Buell XB12?  It looks cool, it's really unique, decent price, lets get it!
Monster 750?  A little old, but it's beautiful.  Always liked the look, maintenance isn't too bad, lets get it!

CB650F?  CB650R?  XSR700?  Z650?  Another CB500F?  CBR500R?  Triple?  Scrambler?  Monster?
My head is spinning.
« Last Edit: May 18, 2019, 01:44:35 AM by Watcher »
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Offline mr72

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Re: New bike time! (CB650F/R?)
« Reply #23 on: May 18, 2019, 05:20:00 AM »
Well a monster 797 is basically the same bike as a scrambler 800 but in more sport naked clothing.  Same engine, nearly the same frame and suspension, right? Different appearance and ergos. So maybe add it to your list?

All of your reasons to stick with Ducati are very compelling. Only big downside is cost of ownership. For example I have a coworker whose brother has a monster that got hit in a parking garage, same year model as my triumph. Tank is dented. A new painted tank is $2800 reportedly.  Now, when I was shopping for my triumph there was a 2014 with virtually no miles on it and a crushed tank and I priced a new painted tank and it was only $900. That's a huge difference. I would imagine parts you can only get from the manufacturer like wheels, swingarm, etc. are similarly priced. The Duc probably has as much aftermarket as a Bonneville but I bet aftermarket parts are also priced higher.

But still, if I was buying a new sporty motorcycle I'd have a hard time not getting a monster, for many of the reasons you mentioned. And as you might remember, I seriously considered a scrambler when I bought my triumph. A monster 695 is still on my list. If one shows up on Craigslist this winter after I have a big commission check in the bank I will likely snap it up. A fuel injected m900 could also get my attention.
« Last Edit: May 19, 2019, 04:29:26 AM by mr72 »

Offline Watcher

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Re: New bike time! (CB650F/R?)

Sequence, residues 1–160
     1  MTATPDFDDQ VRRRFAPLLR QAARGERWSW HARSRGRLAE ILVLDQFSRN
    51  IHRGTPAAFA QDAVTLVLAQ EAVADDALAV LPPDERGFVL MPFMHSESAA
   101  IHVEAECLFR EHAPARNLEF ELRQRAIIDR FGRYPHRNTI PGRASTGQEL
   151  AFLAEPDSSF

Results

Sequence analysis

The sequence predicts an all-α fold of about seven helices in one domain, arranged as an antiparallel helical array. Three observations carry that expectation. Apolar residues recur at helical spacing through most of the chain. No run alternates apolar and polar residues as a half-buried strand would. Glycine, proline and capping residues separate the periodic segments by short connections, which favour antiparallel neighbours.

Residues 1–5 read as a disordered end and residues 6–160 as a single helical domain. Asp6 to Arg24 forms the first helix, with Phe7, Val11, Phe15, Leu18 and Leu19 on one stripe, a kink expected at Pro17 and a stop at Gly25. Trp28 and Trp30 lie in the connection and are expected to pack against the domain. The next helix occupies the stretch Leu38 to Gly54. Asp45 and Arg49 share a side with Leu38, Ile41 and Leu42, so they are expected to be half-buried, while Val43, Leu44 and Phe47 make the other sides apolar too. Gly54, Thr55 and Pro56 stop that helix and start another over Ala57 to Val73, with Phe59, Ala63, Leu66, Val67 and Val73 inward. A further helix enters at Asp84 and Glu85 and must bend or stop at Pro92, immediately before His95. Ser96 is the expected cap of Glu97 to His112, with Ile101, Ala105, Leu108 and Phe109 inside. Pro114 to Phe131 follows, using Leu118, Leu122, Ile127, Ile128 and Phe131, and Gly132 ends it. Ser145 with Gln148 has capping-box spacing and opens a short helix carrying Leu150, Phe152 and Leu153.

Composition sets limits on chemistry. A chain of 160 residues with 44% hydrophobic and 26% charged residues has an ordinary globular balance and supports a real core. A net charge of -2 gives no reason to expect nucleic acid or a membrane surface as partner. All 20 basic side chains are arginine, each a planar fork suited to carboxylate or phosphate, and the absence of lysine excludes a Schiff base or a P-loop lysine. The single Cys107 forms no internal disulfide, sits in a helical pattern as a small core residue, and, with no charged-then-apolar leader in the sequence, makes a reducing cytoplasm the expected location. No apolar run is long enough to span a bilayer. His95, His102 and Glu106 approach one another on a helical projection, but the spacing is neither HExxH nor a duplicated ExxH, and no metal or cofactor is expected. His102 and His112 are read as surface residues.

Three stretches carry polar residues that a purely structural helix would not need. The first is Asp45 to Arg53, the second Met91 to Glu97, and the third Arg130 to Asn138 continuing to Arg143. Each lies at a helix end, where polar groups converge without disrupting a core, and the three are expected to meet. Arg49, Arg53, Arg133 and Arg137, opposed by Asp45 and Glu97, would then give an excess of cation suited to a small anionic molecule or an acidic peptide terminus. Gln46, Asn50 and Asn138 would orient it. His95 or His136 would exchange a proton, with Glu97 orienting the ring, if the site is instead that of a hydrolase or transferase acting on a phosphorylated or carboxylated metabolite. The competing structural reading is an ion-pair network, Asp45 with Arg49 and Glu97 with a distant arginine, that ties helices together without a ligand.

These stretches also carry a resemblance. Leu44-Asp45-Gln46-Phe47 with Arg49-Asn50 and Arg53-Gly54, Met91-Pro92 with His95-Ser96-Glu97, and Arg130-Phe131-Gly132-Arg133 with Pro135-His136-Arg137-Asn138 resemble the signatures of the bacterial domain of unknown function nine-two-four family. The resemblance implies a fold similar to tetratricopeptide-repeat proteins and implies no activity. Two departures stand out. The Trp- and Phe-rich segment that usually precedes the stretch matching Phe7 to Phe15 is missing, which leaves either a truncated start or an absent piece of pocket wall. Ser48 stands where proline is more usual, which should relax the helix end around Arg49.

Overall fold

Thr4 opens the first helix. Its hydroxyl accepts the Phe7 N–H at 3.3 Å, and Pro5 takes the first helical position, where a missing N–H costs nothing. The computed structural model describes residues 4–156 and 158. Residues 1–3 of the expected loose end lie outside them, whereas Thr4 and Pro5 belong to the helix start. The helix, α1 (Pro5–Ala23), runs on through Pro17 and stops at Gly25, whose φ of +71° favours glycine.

« Reply #24 on: May 18, 2019, 11:35:05 PM »
I'll have to check out the 797.  On paper it seems like the proper modern equivalent to mine while the 821 seems a bit of an upgrade, based on performance and features.
The 797 engine makes 73/49 HP/FtLbs and is air cooled while the 821 makes 109/63 and is liquid cooled. The 821 in "rain mode" almost exactly makes the 797's power, so the 821 essentially has a 797 within it.
My M750 claims 62/45, to put it in perspective, with a typical slide carb throttle response.  Both of the new ones are EFI, of course, with the 797 being cable throttle and the 821 being electronic "fly by wire" throttle.

The 797 is cheaper by about $3k, but has the 7.5k mile Desmo-service while the 821 has the 18k mile service, so cost of ownership over the period of even the loan would about equal out on the two (Desmo-service costs about $1000, the rate that I ride I'd need to service the 797 yearly while the 821 would be basically a 3 year interval).

Also, for the extra $3k I'd get the TFT display, proper traction control with the Bosch cornering ABS, and can choose either the classic Ducati yellow or an interesting black, red, and silver "Stealth" color, where as the 797 only comes in cliche' Ducati red and a white on black frame, neither of which I particularly adore.  I typically go atypical with color, so I'm naturally averse to a red Ducati   That being said, my boss has a white Ducati and I kinda don't want to start a white Ducati bandwagon.  I also like the contrast of the red 797 compared to the white, and the more I see it the more it grows on me, but classic yellow would be much preferred.

The 797 is slightly smaller and lighter, which is a plus...

Hard call, but I'm leaning 821.
« Last Edit: May 19, 2019, 01:12:33 AM by Watcher »
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Offline Watcher

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Re: New bike time! (CB650F/R?)
« Reply #25 on: May 22, 2019, 05:15:17 PM »